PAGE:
Chris Epting Is Burning for a Fight

How a mild-mannered Huntington Beach columnist became OC's fiercest critic of a proposed beach fire pit ban

Chris Epting is the first person to admit he's an unlikely muckraker. The Huntington Beach resident has published 19 books, almost all on pop culture (he's working on a Def Leppard tome right now), Orange County history or baseball. His column for the Huntington Beach Independent, In the Pipeline, is a well-read weekly take on Surf City's "people and places," as he puts it; recent dispatches have included profiles on a building that once housed a Mexican restaurant, the Seaview Little League and a nonagenarian advocate for alternative energy. The father of two teenagers, he's a quintessential beach dad, down to the good tan; scruffy goatee; and permanent uniform of T-shirt, cap, shades and shorts.

But over the past couple of months, Epting has emerged as the scrappiest journalistic voice against a controversial proposal by the South Coast Air Quality Management District (AQMD)—charged with protecting Southern California from air pollution—to remove fire pits in Corona del Mar, Newport Beach and Huntington Beach. Just the mention of the issue transforms the otherwise-easygoing Epting into Lincoln Steffens: He'll begin to decry career politicians and NIMBYers, will rattle off scientific studies that debunk claims that the smoke from the pits is hazardous to the public health, and posts videos and letters that expose the agency's frequently bumbling ways. His efforts have helped turn what was supposed to be a quiet ban into a national story that's coming to a head at the July 12 AQMD board meeting at its Diamond Bar headquarters.

For Epting and the fire pits' defenders, this isn't an issue solely about smoke emitted from the pits, a favorite of Orange County life since at least the 1940s. It gets to the heart to the county's sense of self.

The Carey McWilliams of the pits
Dustin Ames
The Carey McWilliams of the pits

"Huntington's sister city in Japan just sent over some school kids for a summer visit—the first thing they're going to do is a bonfire," Epting says. "Just the other day, I passed by a fire pit with a family of over 100—name tags, everything—that was inviting everyone to get some food. This is what [the AQMD and fire pit opponents] want to take away?"

Skirmishes in OC's beach communities between the haves and everyone else pop up regularly, whether it's Dana Point trying to limit beach access in its ritzier neighborhoods or former Newport Beach council member Dick Nichols memorably complaining to a reporter last decade that too many Mexicans hogged up the grass at Corona del Mar State Beach. But the thought of pulling the fire pits completely has shocked and angered almost all of Orange County, uniting rich and poor, liberal and conservative, coastal and inland residents against the efforts. Politicians ranging from Santa Ana Mayor (and AQMD board member) Miguel Pulido and State Senator Travis Allen have rallied their constituents. Even residents on ultra-exclusive Bay Island off the Balboa Peninsula have made their opinion known—one mansion has erected signs proclaiming, "SAVE THE PITS."

Despite Epting's protestations to the contrary, he's the perfect warrior for the cause: a convert. The New York native and his family moved to Huntington Beach from Sherman Oaks in 1999 and immediately fell in love with the pits—in a June Independent column, Epting printed a picture of his then-4-year-old daughter roasting a hot dog there. "It blew my mind away the community that took over once the sun went down," he says. "Each fire ring has its own culture, yet they all get along—it's the great equalizer. It was an activity that was clean and about going there to forget your troubles for a night."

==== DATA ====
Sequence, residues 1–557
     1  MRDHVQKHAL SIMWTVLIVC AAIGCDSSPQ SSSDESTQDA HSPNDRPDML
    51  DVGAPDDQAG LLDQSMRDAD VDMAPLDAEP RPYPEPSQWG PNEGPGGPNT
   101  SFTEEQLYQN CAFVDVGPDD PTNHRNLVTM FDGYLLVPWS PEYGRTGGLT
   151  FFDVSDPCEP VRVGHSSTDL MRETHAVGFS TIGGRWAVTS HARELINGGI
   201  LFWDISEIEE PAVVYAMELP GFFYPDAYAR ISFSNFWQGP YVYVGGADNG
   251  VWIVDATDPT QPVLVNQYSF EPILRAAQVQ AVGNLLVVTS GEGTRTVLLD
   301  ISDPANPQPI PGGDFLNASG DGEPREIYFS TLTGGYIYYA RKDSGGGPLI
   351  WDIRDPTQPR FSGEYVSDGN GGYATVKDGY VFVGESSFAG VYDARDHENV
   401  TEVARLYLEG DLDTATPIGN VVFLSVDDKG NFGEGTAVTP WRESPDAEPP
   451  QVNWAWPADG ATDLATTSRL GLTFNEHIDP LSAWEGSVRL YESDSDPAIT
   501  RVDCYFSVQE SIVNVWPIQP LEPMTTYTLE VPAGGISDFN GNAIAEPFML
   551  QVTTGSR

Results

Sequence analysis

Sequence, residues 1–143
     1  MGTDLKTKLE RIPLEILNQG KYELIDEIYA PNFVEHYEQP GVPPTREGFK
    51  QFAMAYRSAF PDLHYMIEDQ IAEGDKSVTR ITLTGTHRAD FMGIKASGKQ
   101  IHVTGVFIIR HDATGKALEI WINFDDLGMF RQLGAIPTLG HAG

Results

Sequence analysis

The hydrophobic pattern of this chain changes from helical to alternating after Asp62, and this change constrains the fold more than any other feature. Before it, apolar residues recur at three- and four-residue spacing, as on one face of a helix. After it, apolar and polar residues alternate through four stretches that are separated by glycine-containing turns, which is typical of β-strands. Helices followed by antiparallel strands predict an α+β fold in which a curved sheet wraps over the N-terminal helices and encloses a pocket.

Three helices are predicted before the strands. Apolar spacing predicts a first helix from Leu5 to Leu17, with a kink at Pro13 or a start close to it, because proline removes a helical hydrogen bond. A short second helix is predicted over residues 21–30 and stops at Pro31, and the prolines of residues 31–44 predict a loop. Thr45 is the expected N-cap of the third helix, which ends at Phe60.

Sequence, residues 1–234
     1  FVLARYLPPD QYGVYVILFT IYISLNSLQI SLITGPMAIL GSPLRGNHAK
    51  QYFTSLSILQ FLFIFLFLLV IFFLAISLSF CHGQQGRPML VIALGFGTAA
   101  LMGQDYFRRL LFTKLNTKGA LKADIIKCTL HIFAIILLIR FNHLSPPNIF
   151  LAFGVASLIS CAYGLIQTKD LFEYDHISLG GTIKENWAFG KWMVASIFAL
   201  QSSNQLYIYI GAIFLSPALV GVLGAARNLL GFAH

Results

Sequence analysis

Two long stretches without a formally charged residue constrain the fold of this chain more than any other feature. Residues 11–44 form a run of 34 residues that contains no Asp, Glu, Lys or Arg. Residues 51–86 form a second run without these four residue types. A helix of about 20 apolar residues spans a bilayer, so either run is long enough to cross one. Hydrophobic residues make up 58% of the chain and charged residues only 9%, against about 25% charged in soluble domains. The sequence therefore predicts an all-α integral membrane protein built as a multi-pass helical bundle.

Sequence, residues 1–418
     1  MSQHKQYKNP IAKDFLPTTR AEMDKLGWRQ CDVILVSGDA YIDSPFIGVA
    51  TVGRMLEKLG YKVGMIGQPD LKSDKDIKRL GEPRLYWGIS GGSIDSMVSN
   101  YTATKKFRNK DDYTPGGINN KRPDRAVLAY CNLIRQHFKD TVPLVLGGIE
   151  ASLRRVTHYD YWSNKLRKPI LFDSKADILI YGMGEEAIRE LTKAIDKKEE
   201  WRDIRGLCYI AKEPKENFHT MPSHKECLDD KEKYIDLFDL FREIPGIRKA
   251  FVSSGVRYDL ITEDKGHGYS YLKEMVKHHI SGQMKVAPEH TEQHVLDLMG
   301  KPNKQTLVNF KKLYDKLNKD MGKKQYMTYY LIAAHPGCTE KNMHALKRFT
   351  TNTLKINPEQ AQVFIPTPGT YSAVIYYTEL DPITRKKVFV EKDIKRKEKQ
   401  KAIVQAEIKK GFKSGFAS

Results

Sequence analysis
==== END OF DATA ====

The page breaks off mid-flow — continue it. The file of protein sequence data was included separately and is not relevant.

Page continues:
The few requests over the years at Newport Beach and Huntington Beach city council meetings to remove the pits were dismissed as the ramblings of cranks. But in November, residents with the Breakers Drive Homeowner's Association (homeowners overlooking Big Corona, where most of the community's fire pits sit) wrote en masse to the Newport Beach City Council in November to ban them, citing everything from cancer-stricken relatives to, as one couple put it, "young adults trying to leap over the roaring bonfires as a passage of manhood." When that didn't work, a group of Corona del Mar residents went to the AQMD, finding a much-more receptive audience that vowed immediate action.

Epting scoffs at the stance of fire-pit opponents. "It's like going into a sushi bar and complaining about the fish," he says, blaming them for creating an issue where there was never one. "It's everyone's worst nightmare about the Newport Beach attitude, and while they can say they're not elitist, look at the results."

But he didn't even know about the movement until a friend noticed an item on the agenda for an AQMD meeting. "I did something this week I haven't done in ages," Epting admitted in his first column on the matter, published in late March. "I signed a petition. For a variety of reasons, it's normally not something I do, but when I heard that there was a movement to remove all fire rings from Southern California beaches, I could not resist."

He attended the hearing, expressed his disapproval to the board as a resident, then went into the hallway to take a call. There, he ran into AQMD executive director Barry Wallerstein. Board scientists had reassured Epting during the public-comments section that they had tested the smoke in Huntington Beach and found it harmful. But when Epting asked Wallerstein the same question, the director said no testing had taken place. Meanwhile, Epting claims, AQMD board staffers within earshot were "laughing their heads off and mocking speakers" outside the chambers.

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